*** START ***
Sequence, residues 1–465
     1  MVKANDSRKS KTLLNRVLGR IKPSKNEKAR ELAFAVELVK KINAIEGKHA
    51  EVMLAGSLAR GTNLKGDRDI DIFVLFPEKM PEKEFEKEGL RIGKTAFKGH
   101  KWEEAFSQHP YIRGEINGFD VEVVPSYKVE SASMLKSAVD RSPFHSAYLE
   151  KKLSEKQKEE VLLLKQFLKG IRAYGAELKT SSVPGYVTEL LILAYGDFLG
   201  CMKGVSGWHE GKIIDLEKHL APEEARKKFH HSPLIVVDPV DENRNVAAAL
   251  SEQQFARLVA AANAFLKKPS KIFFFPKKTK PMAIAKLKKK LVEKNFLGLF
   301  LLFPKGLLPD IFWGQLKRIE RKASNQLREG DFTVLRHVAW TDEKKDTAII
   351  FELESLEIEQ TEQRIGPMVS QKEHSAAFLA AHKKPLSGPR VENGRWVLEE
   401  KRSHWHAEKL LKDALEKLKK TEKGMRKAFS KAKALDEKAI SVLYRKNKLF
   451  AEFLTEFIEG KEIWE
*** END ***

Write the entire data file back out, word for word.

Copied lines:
Sequence, residues 1–465
     1  MVKANDSRKS KTLLNRVLGR IKPSKNEKAR ELAFAVELVK KINAIEGKHA
    51  EVMLAGSLAR GTNLKGDRDI DIFVLFPEKM PEKEFEKEGL RIGKTAFKGH
   101  KWEEAFSQHP YIRGEINGFD VEVVPSYKVE SASMLKSAVD RSPFHSAYLE
   151  KKLSEKQKEE VLLLKQFLKG IRAYGAELKT SSVPGYVTEL LILAYGDFLG
   201  CMKGVSGWHE GKIIDLEKHL APEEARKKFH HSPLIVVDPV DENRNVAAAL
   251  SEQQFARLVA AANAFLKKPS KIFFFPKKTK PMAIAKLKKK LVEKNFLGLF
   301  LLFPKGLLPD IFWGQLKRIE RKASNQLREG DFTVLRHVAW TDEKKDTAII
   351  FELESLEIEQ TEQRIGPMVS QKEHSAAFLA AHKKPLSGPR VENGRWVLEE
   401  KRSHWHAEKL LKDALEKLKK TEKGMRKAFS KAKALDEKAI SVLYRKNKLF
   451  AEFLTEFIEG KEIWE